How do you grade the editors?• Editors also write, design and take pictures (fewer)• TWO grades at 100 points each.(They also complete the self evaluation.)• Professionalism:• Timeliness, communication, adherenceto rubrics and point allotments• Publication and accuracy:• Using their own rubrics, I “grade” their work• When the staff rubrics come in, I make sure allcorrections are made on all pages.
Layout Teams• Section editors did not work for us• Teams of writers, designers, and photographers.• Layout groups (3 to a group); do change throughout theyear• Editor for each role and only one editor-in-chief• We do not have a co editor-in-chief but we have a“helper” or apprentice
How does it work?• Editors meet to assign pages and teams• Ladder done before the first deadline• Deadline sheets and layout group meetings• Layout plan and editor meetings
How does it work?• Deadlines on Mondays• Staff deadlines=Monday before the editor’s• Plant deadlines= Monday after editor’s• I have one week to check editors’ work while therest of the staff has already moved on to the nextdeadline!• Typical staff deadline is 4 weeks, with 5-6deadlines total• We have never missed a deadline. Why? …
First, my rationale for points…• Variety of tools to assess staff members• Variety of ways and means to earn those points.-All team points, is that fair?-All individual points, where is theaccountability?• “Hybrid” version allows staffers to earn points fromtheir group, themselves, their interactions with othersand their own work ethic.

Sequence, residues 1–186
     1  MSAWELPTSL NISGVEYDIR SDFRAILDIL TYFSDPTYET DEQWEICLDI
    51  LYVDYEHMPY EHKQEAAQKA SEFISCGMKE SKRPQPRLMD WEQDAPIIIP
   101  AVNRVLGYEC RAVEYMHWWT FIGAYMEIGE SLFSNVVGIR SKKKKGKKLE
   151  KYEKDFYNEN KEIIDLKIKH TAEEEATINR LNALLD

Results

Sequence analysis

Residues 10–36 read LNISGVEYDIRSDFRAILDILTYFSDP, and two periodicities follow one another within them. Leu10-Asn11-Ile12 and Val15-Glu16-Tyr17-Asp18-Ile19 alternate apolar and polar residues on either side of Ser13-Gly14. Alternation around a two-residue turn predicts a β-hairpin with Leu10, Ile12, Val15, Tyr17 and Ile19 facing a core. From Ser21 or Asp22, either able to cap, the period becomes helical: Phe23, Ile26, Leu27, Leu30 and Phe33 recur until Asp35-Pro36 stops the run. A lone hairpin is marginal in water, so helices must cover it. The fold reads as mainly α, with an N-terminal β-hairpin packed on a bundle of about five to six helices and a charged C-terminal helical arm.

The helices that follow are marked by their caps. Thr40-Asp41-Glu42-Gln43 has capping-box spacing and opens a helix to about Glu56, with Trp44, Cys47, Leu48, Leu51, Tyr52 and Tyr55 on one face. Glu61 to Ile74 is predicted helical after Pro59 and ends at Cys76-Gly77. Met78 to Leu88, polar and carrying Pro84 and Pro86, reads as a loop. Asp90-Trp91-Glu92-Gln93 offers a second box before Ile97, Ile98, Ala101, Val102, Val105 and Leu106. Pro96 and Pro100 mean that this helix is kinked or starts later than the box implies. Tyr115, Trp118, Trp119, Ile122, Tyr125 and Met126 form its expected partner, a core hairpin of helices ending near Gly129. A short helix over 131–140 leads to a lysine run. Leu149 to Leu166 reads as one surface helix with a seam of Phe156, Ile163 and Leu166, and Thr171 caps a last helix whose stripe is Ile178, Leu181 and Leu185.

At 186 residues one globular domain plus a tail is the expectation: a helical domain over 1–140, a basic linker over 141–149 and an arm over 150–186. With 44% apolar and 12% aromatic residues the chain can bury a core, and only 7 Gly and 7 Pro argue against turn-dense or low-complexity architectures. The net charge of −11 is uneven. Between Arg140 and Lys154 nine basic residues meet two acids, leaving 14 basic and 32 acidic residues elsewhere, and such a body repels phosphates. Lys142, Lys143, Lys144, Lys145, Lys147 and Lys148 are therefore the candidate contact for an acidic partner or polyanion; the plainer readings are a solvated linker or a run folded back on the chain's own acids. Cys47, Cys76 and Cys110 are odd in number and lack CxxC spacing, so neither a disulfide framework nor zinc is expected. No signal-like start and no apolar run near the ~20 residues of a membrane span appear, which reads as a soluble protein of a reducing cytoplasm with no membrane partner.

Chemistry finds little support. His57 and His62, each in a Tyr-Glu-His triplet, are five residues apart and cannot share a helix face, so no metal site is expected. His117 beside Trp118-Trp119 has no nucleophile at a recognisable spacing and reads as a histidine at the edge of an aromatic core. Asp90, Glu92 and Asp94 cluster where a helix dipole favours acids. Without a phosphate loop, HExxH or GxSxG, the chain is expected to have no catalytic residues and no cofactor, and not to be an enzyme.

Criteria/Categories• Accountability (group)- final layout deadline grade• Accountability (individual)- personal rubrics by role• Skill/performance• Team work (evaluations)• Reflection (evaluations)
The Points• There are 300 points total for every deadline:• 100 final layout team deadline (shared points - youmiss deadline because of ONE person’s mistakes,you all miss it)• 100 points final individual layout (rubrics filled outby the editors)• 20 points mini deadline (points allotted differentlybased on position)• 50 points peer evaluations• 30 points self evaluation and goal setting
Checklists and Rubrics• Checklists are for the staffers.• Rubrics are for editors.• I look at both and check pages as they are inEdesign. I assess the grade and put these values intoour grading system.
The pacing: How to set mini deadlinesSunday Monday Tuesday Wednesday Thursday Friday SaturdayJanuary 27 January 28PREVIOUS STAFFDEADLINE•January 29GET NEW LAYOUTGROUPS & PLANJanuary 30DEADLINEPARTYJanuary 31 February 1 February 2February 3 February 4ANGLES DUEFebruary 5GET NEW LAYOUTGROUPS & PLANFebruary 6 February 7 February 8INTERVIEWQUESTIONS DUEFebruary 9February 10 February 11 February 12GET NEW LAYOUTGROUPS & PLANFebruary 13 February 14 February 15 February 16February 17GET NEW LAYOUTGROUPS & PLANFebruary 18 February 19ROUGH DRAFTCOPIES DUeFebruary 20GIVE BACK COPIESFebruary 21COPIES SHOULDBE IN eDESIGNFebruary 22 February 23February 24 February 25CURRENT STAFFDEADLINECAPTIONS DUEGET NEW OUTGROUPS & PLAN